This data clearly shows that the aircraft is out of date and needs to be upgraded for the use of modern high-precision weapon systems. At the same time, it can be used effectively against the terrorist groups that don’t possess air defence systems.

Future of attack aviation

Russia’s upgrading of Su-25 to SM3 version can extend the aircraft’s operative life for at least another ten years. This modified version features advanced avionics, including the use of the GLONASS system (GPS), increasing the capabilities of autonomous flight without the use of terrestrial services in any weather conditions. The first Su-25SM3 started arriving to the troops, to the base of Southern Military District, in February 2013. The modernisation of Su-25 will continue, as this attack aircraft’s total combat load is unmatched in the world, Air Force Commander Victor Bondarev said in his interview to RIA news agency. In other words, this dedicated attack aircraft will continue to be in demand by the Russian armed forces in the future.

According to the source from the Air Forces Central Command, in addition to Su-25 modification described above, in 2014 the troops received a specialized version of the attack aircraft, optimised for destroying and breaking down the air defence systems.

Thus, for now the decommissioning of Su-25 is postponed. Having undergone certain upgrades to better fit the modern conditions of warfare, the machine remains competitive not only in the domestic, but also in the foreign weapons market.

Pentagon Provides Iraq $17.9Mln in Equipment, Supplies to Fight ISIL

Mine Resistant Ambush Protected (MRAP) vehicle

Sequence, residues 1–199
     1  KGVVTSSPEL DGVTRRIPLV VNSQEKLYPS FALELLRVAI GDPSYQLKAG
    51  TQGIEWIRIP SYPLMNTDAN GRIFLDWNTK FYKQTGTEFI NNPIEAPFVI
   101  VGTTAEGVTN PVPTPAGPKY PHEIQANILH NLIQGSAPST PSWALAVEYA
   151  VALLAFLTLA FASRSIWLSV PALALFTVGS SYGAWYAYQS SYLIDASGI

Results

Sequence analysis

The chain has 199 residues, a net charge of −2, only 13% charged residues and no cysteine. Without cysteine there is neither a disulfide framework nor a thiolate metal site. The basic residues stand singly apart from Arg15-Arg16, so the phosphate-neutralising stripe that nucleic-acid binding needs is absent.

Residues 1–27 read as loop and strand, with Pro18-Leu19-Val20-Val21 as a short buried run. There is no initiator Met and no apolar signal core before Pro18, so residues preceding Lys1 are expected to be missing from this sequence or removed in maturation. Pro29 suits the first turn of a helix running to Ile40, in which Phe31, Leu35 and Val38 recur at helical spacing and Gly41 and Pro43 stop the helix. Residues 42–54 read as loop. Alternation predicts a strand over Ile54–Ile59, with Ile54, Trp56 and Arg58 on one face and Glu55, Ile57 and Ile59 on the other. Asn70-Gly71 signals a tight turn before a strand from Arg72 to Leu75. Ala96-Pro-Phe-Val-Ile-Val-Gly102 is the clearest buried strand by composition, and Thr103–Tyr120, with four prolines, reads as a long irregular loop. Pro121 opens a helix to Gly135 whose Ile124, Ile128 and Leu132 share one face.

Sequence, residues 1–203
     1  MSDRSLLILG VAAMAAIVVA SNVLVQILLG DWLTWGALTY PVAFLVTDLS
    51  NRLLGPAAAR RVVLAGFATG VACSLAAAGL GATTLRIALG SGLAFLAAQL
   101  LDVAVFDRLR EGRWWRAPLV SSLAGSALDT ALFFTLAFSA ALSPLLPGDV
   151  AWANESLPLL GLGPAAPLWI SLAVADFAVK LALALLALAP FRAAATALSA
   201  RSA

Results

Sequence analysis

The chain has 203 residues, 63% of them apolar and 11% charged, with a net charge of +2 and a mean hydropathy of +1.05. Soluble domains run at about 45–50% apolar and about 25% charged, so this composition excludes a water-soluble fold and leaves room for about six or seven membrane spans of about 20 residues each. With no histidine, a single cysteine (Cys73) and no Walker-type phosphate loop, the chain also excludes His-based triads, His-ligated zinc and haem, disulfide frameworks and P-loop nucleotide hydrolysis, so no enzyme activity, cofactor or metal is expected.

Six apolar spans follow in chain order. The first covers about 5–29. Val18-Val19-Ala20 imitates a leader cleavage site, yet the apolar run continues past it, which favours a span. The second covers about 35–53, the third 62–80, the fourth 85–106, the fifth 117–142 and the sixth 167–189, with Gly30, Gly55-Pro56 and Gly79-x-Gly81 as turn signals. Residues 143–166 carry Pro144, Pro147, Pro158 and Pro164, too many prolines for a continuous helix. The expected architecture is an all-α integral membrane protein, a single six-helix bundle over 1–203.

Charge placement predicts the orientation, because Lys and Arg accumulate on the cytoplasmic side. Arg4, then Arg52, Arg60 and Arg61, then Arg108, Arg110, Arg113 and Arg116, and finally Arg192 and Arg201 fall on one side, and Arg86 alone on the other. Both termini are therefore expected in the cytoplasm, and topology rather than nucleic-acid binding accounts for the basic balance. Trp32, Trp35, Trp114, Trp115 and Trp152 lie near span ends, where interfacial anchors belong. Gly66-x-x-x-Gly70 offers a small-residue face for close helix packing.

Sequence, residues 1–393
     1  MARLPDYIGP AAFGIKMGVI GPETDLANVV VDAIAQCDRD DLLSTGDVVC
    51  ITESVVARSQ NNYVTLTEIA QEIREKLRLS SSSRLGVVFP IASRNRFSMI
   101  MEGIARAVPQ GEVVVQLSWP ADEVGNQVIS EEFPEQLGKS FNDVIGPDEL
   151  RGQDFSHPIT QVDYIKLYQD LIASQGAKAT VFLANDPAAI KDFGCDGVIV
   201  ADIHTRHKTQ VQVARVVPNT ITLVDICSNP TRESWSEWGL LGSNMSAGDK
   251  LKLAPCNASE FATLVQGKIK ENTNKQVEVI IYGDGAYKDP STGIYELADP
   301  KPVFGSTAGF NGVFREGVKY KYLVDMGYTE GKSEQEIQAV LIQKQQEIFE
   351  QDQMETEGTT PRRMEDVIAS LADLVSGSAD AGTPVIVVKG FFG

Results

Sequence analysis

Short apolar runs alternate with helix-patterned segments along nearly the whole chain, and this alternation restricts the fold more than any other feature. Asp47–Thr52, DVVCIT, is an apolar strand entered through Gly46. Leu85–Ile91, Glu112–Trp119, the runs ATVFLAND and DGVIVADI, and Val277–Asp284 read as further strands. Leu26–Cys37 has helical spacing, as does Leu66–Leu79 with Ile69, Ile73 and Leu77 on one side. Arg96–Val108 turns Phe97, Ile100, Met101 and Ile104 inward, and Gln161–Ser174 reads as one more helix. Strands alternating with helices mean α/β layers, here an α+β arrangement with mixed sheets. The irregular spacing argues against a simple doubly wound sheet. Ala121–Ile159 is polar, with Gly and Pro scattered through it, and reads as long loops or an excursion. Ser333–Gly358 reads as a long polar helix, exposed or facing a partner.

US Department of Defense stated that the United States is assisting Iraq with the necessary equipment and supplies to help that country fight more effectively the Islamic State.

WASHINGTON (Sputnik) — The United States is assisting Iraq with the necessary equipment and supplies to help that country fight more effectively the Islamic State (ISIL), according to a US Department of Defense statement.

“The Defense Department has expedited $17.9 million in equipment and supplies — some of which have already been delivered — to the Iraqi government,” the statement said.

The supplied equipment includes 232 Hellfire missiles; 250 mine-resistant ambush-protected vehicles; thousands of Kevlar helmets and body armour; 10,000 M-16 rifles; 10,000 M-68 close-combat optical red-dot sights; 200 Harris vehicle-mounted radios, and 23,000 light weapons magazines, according to the statement.The Pentagon explained that deliveries of the equipment began in early January and are set to continue this week.

The Iraqi forces have retaken at least 700 kilometers of territory previously occupied by the ISIL, but the fight against the terrorist group is far from over, US Army Colonel Steve Warren said in the statement.

The ISIL is a Sunni militant group that has taken over large portions of Syria and Iraq, and declared a caliphate. The United States and the anti-ISIL coalition began carrying out airstrikes against ISIL targets in Iraq in August 2014, and expanded the air campaign to Syria in September, though without Syrian government approval.

Read more:

Egyptian Air Force Bombs Islamic State Fighters in Libya

Egyptian Air Force F-16

Following the release of a video showing ISIL militants beheading 21 Egyptian Christian Copts, Egypt’s Air Force bombed Islamic State positions in Libya at dawn Monday, according to local state television.


CAIRO (Sputnik) – The Egyptian Air Force has carried out a series of bombings on Islamic State (ISIL) positions in Libya following execution of 21 Egyptian Copts, Egyptian state television said Monday.On Sunday evening, the ISIL published a video showing the beheading of 21 Egyptian Christian Copts who were kidnapped in Libya.

Egyptian President Abdel Sisi said Cairo “reserves the right to respond in any way” after the brutal killings.

Egypt is part of a broad coalition of US, EU and Arab countries fighting the IS militant group in the Middle East since August 2014. The coalition was set up following the rapid advance of the ISIL in Syria and Iraq, where it hopes to create a caliphate.